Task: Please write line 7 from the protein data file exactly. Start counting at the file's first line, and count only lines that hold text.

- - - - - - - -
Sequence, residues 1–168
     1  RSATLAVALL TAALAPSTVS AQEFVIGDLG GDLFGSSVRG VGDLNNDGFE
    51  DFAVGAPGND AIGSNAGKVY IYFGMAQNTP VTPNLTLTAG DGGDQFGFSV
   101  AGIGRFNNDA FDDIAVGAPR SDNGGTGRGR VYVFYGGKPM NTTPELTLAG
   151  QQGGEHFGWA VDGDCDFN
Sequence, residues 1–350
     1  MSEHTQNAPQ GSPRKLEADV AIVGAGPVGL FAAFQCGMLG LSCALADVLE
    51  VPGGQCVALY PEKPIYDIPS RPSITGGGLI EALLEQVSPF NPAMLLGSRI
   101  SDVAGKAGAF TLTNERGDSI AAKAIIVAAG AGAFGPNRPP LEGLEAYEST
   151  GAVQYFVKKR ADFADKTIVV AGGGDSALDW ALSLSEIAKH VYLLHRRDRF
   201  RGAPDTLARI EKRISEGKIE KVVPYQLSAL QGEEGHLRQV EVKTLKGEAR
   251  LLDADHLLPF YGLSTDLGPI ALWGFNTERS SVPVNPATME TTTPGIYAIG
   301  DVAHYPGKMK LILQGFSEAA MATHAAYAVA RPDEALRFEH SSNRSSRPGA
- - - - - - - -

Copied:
     1  MSEHTQNAPQ GSPRKLEADV AIVGAGPVGL FAAFQCGMLG LSCALADVLE